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Use and Beauty: The Gardens of Worlitz

Report of the lecture given by Steven Desmond on June 24th 2009

Garden historian Steven Desmond started by painting a historical, political and geographical background which clearly fixed mid eighteenth century Worlitz in a relevant context. He traced cultural developments in garden design contrasting the Baroque absolutism of Louis XIV's taste, subjecting nature to a vigorous symmetrical organisation, with the development of a more naturalistic style of English planning in tune with the democratic ideas and liberal thinking of the Age of Reason

The gardens at Worlitz, situated north east of Leipzig and west of Wittenberg in Northern Germany were created between 1765 and 1817 by Prince Franz Anhalt Dessau, an acknowledged anglophile. After returning from his Grand Tours he drew heavily on these experiences to transform his entire rural principality in a way that encompassed art, landscape, agriculture, industry and technology to create a "pretty and practical" centre of Enlightenment

A gentle stroll through the gardens was described as a series of metaphors for life's journey through a Masonic Labyrinth allowing time for calmness and reflection. Buildings, sculptures and groups of trees form focal points in a system of vistas linking different parts of the garden with each other and guiding the eye into the surrounding countryside. The Schloss was the first classical house to be built in Germany and shares an affinity with Broadlands. Direct comparisons of the designs of garden buildings can be made with those at Stowe and Stourhead. The Temple of Flora is reminiscent of one at Wilton House, the Pagoda imitates the one at Kew Gardens and the Gothic House pays homage to Horace Walpole's Strawberry Hill. The lakes and serpentine canal are bridged fifty three times in both ornamental and functional ways. There is even a quarter scale copy of the iron bridge at Coalbrookdale and an island with an erupting Vesuvius inspired by Fingal's Cave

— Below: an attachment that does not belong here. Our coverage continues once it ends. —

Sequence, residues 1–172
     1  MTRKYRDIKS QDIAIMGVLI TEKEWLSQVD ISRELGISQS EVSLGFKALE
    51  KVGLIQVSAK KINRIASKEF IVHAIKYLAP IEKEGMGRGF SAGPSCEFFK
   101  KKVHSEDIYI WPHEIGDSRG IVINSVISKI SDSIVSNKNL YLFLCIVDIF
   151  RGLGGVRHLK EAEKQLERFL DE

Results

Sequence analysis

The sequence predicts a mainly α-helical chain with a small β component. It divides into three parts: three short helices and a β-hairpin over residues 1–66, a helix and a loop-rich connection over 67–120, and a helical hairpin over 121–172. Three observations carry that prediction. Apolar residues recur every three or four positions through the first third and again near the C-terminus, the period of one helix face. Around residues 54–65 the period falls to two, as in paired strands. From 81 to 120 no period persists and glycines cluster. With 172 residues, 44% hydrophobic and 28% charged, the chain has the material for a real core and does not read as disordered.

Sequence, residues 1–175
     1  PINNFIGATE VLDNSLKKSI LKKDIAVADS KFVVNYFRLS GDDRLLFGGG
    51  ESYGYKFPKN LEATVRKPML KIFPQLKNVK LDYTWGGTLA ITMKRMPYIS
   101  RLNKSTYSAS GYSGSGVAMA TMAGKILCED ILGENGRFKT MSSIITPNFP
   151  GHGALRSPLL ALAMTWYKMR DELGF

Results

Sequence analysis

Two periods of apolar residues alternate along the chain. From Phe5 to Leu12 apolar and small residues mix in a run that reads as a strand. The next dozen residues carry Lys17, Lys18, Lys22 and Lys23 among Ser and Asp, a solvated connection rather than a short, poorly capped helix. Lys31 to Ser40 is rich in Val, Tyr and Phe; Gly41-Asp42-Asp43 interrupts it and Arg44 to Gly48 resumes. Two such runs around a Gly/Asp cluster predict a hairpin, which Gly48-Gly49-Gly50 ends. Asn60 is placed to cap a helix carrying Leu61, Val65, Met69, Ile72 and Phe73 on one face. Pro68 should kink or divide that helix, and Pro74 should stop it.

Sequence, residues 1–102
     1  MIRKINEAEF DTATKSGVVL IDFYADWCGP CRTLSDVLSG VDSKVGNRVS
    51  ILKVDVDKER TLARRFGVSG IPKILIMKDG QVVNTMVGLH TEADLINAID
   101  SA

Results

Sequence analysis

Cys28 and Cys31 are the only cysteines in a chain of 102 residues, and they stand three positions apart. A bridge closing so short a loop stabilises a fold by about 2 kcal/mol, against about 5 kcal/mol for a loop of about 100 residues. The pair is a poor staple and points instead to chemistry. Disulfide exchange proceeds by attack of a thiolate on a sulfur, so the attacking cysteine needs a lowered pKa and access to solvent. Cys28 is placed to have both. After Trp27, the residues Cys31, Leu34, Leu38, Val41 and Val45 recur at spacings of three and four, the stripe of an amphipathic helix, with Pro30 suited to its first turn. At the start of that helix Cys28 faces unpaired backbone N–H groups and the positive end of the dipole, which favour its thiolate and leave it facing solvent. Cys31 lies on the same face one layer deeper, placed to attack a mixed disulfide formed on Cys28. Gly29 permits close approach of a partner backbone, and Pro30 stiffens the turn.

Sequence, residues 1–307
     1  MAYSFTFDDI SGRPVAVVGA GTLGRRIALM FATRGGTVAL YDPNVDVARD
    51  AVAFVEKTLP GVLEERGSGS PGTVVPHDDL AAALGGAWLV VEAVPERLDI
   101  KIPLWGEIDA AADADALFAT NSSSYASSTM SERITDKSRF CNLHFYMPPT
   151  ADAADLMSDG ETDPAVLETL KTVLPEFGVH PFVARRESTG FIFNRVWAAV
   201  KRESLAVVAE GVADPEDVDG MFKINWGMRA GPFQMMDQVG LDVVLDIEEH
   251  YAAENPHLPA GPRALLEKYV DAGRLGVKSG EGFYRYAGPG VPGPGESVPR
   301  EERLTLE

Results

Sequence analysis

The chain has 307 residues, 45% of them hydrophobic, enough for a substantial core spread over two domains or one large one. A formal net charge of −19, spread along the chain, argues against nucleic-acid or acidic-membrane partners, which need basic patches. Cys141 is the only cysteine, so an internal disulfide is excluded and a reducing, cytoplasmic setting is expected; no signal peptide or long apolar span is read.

The Gardens of Worlitz, accredited by Unesco as both a World Heritage Site and a Biosphere Reserve, annually welcome one million visitors to experience what Goethe described in 1778 as

'... endlessly beautiful, as if one is being told a fairy tale in the Elysian Fields, purist in their loveliness'

Liz Dray. 25.06.09

Steven Desmond enjoying CDFAS hospitality